“I love you,” I say to her as she shuts the phone. She has been crying. A week prior, as we shut the phone, she had said “I love you,” as I hung up after crying. She is not my girlfriend; I have mine, she has hers. But she is everything else and everything in between; the home that those of us who unbelong rely on, the intimacies of care that only friends who are more family than family can give each other. Every time we say these words to each other, we do not say them lightly. We do not say them lightly because we know how lucky we are to have support, even if we are six thousand miles away and I cannot help her wash and put away her dishes after she has been cooking all day, and she cannot help me find my keys as I run late to my first in-person appointment in three months of lockdown.

It is really the everyday I crave. Pride month is here, and it has brought with it a flurry of photos of brown joy—women lying on top of each other reading the newspaper, drinking coffee. Nothing long-distance there, nothing tortured, hidden, or silent. Even when we are happy with our partners, far away from us but in the same city at home, we want more than what we get, more than stolen weeks and feigned research excursions to be permitted to kiss in public, which I often feel is the cornerstone of normalcy. Fewer descriptions of what we did, conversations we had, meals we cooked; more dinners burned together, late-night ice cream excursions, the instant headache/headrush from the kala namak in gol market’s nimbu soda.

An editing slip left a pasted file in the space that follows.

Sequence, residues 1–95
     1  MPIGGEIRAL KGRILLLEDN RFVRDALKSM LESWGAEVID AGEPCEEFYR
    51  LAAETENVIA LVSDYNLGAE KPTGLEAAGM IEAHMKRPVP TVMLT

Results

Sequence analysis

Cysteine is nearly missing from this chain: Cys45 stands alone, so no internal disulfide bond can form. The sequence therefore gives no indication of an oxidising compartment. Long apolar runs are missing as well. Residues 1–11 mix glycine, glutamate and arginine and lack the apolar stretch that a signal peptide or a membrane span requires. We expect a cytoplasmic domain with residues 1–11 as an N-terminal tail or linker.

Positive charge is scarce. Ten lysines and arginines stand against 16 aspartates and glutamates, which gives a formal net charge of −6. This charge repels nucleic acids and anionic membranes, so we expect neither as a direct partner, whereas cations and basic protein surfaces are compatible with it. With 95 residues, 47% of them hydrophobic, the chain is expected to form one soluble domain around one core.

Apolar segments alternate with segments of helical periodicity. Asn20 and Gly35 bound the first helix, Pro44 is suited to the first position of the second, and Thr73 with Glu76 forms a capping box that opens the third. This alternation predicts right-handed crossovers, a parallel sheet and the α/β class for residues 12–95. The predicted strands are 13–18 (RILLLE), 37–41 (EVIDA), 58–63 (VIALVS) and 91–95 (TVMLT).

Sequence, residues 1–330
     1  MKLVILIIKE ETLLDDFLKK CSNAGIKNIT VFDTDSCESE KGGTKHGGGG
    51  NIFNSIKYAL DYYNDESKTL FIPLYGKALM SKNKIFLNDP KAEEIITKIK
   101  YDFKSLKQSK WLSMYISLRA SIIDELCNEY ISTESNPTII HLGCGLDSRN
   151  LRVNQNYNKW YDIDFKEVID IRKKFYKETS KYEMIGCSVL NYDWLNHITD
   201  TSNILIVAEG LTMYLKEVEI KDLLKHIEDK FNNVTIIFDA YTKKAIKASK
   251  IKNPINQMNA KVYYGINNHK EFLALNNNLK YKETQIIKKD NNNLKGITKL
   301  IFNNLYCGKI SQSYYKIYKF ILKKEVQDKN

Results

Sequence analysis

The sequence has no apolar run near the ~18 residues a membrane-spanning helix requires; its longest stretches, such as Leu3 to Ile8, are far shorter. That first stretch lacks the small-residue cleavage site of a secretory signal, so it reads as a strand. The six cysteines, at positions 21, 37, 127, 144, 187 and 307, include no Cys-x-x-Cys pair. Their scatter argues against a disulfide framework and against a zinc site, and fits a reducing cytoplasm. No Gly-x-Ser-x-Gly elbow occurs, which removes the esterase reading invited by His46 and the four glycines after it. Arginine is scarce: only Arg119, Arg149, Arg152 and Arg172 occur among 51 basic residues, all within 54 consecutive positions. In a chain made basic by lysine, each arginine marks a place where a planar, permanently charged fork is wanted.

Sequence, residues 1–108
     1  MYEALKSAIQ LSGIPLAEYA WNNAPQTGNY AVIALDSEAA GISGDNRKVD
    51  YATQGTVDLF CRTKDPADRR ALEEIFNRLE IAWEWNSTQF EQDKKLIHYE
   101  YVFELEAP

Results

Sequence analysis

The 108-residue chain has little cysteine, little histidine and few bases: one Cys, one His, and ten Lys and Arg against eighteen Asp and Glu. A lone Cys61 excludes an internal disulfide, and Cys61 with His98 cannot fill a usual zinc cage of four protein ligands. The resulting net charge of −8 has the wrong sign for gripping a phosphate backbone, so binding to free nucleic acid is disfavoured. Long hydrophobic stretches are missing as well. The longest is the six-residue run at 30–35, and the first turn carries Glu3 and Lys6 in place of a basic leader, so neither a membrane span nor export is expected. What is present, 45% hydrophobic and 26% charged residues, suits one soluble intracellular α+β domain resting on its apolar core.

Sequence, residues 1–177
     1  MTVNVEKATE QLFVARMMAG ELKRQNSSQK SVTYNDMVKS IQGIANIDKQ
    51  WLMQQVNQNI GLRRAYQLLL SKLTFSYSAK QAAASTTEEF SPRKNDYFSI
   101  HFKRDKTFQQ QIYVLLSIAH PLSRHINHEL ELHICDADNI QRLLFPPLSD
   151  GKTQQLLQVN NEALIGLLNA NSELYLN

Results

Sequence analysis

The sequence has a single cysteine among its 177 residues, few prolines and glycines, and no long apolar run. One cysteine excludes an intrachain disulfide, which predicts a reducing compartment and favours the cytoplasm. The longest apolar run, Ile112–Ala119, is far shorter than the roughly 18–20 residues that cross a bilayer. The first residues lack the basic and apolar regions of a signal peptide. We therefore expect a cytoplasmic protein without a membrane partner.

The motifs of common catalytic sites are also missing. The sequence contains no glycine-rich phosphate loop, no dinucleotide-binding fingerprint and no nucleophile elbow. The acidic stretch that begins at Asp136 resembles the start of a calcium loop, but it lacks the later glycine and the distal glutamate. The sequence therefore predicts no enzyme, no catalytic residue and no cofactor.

These things are not always available to us though—so when we are spent from fighting with our girlfriends on the phone about how we want more—more attention, more touch, more space, more sex—we call each other and hang out, making paratha rolls (me) and tortilla rolls (her), allowing our resentments to seethe and then dissipate. We complain about work at the end of our days, honoring the indignations that pepper each other’s’ days. I need to voice every emotion I have; she keeps her cards so close to her chest that if I did not know better, I would think she had no feelings at all.